Machine vision is a technology that encompasses many engineering disciplines, including computer science, optics, mechanical engineering, and industrial automation. It uses image capture and analysis to perform tasks with speed and accuracy human eyes can’t match.
The common use cases of machine vision include inspecting manufactured goods, such as semiconductor chips, automobile parts, food, and pharmaceuticals.
It can visually identify issues like product defects and process inefficiencies, and this is critical for manufacturers to constrain costs and drive high customer satisfaction. Machine vision systems also conduct presence/absence detection, dimensional measurement, positioning, and counting.
The following timeline is a brief history of machine vision, from the early stages to the present. It also includes the major milestones in computer vision.
400BC: Aristotle observed partial solar eclipse by seeing the sun’s Image projected through small spaces between the leaves of a tree. Over the centuries, this optical phenomenon led to the development of the camera.
500BC-1700’s: Development of the pin-hole camera obscura, initially used to reproduce images to aid in drawing and painting.
1839: The daguerreotype camera, named after its French inventor Louis Daguerre, was the first photographic camera developed for commercial manufacture.
1907: Russian scientist and inventor Boris Rosing developed electronic scanning methods of reproducing images.
1929: Kinescope, invented by Russian scientist Vladimir Zworykin, who worked with Rosing, was the first practical electronic system for the transmission and reception of images.
1939-43: RCA and Albert Rose introduced the Image Orthicon tube, winning a production contract from US Navy in 1944; it became a common video tube in American Broadcasting from 1946-68.
1950: RCA and P. K. Weimer, S. V. Forgue, and R. R. Goodrich introduced Vidicon tube, a video camera tube design in which the target material is a photoconductor. Before the late 1970s, NASA used Vidicon cameras on most unmanned deep-space probes equipped with remote sensing.
1955: Selfridge published a paper in which he mentioned: “…eyes and ears for the computer.”
1959: The first digital image scanner was invented by transforming images into grids of numbers.
1960: To offer more image stability and to compete with RCA, Philips introduced the Plumbicon, Hitachi the Saticon (along with Sony and Thomson), and Sony the Trinicon, which Sony also used in some moderate cost professional cameras in the 1980s, such as the DXC-1800 and BVP-1 models.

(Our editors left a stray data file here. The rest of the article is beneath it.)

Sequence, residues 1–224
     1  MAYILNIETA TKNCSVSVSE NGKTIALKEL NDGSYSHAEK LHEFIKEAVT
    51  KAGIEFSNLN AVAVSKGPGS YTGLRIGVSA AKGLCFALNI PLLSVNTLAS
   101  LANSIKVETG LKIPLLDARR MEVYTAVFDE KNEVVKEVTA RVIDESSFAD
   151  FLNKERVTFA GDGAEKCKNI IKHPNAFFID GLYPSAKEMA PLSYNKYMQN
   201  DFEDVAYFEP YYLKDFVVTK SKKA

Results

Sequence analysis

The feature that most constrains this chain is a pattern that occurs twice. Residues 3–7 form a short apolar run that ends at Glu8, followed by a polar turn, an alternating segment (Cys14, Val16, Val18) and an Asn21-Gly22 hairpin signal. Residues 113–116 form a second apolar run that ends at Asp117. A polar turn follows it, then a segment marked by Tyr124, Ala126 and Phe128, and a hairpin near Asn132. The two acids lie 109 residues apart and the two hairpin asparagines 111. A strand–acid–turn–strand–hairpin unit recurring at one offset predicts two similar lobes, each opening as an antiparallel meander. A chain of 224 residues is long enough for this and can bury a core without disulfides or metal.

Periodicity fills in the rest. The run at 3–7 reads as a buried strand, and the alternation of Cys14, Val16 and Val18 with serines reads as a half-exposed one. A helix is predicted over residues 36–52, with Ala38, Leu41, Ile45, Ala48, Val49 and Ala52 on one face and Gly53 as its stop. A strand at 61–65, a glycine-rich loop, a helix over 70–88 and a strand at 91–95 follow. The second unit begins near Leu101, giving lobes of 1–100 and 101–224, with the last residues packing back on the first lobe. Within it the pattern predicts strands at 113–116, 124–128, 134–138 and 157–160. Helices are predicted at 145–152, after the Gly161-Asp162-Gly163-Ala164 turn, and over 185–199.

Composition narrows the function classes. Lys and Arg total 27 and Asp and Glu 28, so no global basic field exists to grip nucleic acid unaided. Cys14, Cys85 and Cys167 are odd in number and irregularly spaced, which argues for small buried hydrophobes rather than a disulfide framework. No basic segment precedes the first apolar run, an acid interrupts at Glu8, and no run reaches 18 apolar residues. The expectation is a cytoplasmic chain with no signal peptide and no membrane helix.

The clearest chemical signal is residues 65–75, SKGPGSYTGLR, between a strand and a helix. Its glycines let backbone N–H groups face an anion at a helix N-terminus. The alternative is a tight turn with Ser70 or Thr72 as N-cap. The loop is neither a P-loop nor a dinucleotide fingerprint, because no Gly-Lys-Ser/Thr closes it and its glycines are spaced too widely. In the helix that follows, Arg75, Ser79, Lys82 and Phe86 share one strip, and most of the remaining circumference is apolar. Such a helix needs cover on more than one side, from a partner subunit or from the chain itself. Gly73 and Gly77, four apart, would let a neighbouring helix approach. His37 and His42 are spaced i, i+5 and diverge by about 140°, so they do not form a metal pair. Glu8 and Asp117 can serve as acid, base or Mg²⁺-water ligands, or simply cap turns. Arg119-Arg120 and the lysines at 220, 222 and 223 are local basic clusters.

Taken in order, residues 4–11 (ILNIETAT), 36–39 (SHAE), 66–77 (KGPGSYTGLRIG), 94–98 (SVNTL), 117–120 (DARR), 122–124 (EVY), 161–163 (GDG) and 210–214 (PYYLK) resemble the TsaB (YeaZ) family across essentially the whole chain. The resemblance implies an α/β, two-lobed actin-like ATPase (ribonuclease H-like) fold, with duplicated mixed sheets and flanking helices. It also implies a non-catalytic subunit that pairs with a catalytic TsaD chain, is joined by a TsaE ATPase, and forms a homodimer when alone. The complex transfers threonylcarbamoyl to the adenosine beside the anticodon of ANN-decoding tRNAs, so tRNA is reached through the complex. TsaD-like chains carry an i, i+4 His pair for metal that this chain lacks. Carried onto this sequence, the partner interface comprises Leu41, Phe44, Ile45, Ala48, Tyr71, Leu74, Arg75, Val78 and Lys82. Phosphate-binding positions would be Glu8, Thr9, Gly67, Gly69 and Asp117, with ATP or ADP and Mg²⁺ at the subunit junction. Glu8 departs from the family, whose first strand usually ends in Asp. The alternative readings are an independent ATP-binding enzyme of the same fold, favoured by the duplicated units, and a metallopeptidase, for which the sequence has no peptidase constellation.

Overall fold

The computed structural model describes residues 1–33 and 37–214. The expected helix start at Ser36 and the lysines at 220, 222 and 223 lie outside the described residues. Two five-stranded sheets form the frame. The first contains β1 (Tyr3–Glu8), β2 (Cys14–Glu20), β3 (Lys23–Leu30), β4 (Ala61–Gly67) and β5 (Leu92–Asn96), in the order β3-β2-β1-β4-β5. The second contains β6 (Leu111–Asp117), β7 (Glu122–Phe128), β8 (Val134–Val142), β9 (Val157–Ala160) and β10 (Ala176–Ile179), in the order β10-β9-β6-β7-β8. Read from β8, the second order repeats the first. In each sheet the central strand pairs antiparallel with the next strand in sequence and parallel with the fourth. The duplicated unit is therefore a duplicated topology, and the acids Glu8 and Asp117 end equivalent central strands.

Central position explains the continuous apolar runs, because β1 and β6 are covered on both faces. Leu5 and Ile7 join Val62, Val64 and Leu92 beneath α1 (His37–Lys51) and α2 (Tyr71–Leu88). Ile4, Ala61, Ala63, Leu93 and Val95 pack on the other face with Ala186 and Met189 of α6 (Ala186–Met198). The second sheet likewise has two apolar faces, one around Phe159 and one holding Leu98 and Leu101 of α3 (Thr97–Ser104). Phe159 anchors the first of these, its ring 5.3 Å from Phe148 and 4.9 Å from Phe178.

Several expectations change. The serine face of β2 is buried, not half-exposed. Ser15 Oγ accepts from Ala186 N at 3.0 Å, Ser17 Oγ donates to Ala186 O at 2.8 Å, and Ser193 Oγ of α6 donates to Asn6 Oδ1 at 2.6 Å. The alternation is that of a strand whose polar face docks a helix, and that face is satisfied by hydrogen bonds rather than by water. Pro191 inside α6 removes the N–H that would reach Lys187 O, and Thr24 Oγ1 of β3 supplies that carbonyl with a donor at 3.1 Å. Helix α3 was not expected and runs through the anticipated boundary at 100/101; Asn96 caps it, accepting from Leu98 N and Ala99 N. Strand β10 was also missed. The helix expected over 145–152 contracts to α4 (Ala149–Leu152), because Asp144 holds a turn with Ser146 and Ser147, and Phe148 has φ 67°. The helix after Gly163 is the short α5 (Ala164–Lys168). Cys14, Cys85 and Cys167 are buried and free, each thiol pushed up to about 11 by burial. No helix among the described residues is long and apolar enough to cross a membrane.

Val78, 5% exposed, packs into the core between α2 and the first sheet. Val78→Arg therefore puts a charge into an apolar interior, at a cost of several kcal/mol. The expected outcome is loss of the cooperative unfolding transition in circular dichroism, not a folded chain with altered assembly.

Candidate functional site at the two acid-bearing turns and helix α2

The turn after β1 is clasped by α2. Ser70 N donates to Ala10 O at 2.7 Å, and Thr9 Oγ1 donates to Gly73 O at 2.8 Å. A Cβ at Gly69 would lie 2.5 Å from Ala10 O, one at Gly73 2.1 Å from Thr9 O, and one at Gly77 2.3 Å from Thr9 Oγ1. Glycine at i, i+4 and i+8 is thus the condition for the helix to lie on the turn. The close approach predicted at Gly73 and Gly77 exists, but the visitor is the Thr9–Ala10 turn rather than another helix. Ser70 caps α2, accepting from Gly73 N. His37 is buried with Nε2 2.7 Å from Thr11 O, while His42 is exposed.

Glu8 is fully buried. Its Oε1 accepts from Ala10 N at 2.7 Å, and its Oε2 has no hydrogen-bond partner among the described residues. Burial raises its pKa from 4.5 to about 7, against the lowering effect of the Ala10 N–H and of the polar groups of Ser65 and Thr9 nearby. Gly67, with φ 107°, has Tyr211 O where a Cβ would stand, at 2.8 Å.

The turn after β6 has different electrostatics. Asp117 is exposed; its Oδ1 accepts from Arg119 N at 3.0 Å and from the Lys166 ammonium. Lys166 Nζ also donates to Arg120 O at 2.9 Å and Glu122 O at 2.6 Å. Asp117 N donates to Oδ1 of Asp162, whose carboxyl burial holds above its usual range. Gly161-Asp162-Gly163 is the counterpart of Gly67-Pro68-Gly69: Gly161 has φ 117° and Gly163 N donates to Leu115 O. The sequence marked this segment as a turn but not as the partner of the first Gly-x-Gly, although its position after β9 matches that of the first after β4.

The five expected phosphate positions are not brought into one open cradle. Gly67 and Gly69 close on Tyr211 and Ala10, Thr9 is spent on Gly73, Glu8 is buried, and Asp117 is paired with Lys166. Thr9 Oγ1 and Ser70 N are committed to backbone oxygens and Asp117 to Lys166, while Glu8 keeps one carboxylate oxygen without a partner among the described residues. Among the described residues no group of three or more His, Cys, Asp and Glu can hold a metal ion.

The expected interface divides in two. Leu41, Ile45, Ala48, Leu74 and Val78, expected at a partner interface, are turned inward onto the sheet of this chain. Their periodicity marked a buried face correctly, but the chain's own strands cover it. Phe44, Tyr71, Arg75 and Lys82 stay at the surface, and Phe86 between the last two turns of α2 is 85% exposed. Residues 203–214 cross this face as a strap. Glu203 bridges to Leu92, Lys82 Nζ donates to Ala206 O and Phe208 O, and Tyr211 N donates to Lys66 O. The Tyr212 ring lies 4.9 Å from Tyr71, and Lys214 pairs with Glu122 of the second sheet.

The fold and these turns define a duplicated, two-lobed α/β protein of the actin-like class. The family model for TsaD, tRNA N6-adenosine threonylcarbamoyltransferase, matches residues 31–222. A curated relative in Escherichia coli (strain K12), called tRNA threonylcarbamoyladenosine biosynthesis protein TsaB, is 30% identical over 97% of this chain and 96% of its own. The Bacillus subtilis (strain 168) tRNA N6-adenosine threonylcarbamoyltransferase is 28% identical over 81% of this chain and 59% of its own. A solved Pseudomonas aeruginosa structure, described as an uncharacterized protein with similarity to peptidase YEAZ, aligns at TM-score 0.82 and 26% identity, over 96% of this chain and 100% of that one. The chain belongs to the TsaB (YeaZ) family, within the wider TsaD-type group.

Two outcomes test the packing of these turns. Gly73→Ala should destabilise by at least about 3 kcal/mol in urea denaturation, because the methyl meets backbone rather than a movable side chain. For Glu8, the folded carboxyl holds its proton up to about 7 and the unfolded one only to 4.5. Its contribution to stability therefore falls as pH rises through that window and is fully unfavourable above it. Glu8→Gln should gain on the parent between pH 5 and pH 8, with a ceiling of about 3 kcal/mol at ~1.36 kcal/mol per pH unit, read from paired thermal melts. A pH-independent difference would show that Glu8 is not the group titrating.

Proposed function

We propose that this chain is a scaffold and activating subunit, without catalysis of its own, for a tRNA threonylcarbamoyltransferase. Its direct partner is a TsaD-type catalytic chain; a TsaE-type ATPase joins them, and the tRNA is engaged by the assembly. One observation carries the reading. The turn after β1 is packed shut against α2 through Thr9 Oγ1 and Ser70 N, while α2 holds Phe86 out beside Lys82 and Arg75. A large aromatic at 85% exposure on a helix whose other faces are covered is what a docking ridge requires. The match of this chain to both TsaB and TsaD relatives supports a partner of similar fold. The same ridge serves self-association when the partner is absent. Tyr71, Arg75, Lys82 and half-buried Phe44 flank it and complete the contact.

1960: Larry Roberts, accepted as the ‘father of computer vision,’ discussed the possibilities of extracting 3D geometrical information from 2D perspective views of blocks (polyhedra) in his MIT Ph.D. thesis.
1963: Larry Roberts, the father of CV, described deriving 3D info about solid objects from 2D photographs. Frank Wanlass, an American electrical engineer, patents CMOS (complementary metal-oxide-semiconductor) logic circuits in digital logic circuits and analog circuits like CMOS image sensors.
1965: Roberts published “Machine Perception of Three-Dimensional Solids.” He demonstrated how a computer can produce a 3D model from a single 2D photograph.
1966: Marvin Minksy instructed a graduate student to connect a camera to a computer and describe what it sees.
1966-1972: Shakey the Robot was the first general-purpose mobile robot. The first prototype had a mobile cart with a TV camera and an optical range finder. It was controlled from an SDS-40 over radio and TV links.
1969: CCD or charged-couple device was invented at American Bell Laboratories by William Boyle and George E. Smith, allowing for the transfer of a charge along the surface of a semiconductor from one storage capacitor to the next – a major contribution to digital imaging. Michael Tompsett, a British-born physicist who worked at American Bell Laboratories, designed and built the first-ever video camera with a solid-state (CCD) sensor. He received a patent in 1972.
1971: William K Pratt and Harry C Andrews found the USC Signal and Image Processing Institute (SIPI), one of the first in the world dedicated to image processing.
1974: Bryce Bayer, an American scientist working for Kodak, brought vivid color image capture to digital photography with the invention of his Bayer filter.
1975-1979: SRI Vision Module, a device for industrial part recognition using a trainable decision tree procedure, was introduced.
1976: Image Understanding (IU), a machine vision technique, was applied to photo interpretation as part of the ARPA IU Program.
1978: Machine Intelligence Corporation (MIC) was founded.
1979: Nagel publishes “Digitization and analysis of traffic scenes,” which incorporates natural scenes with motion.
1980: Kunihiko Fukushima built the ‘neocognitron,’ the precursor of modern Convolutional Neural Networks.
1981: RANSAC (Random Sample Consensus) was published, which introduced a new, widely accepted paradigm for robust computation.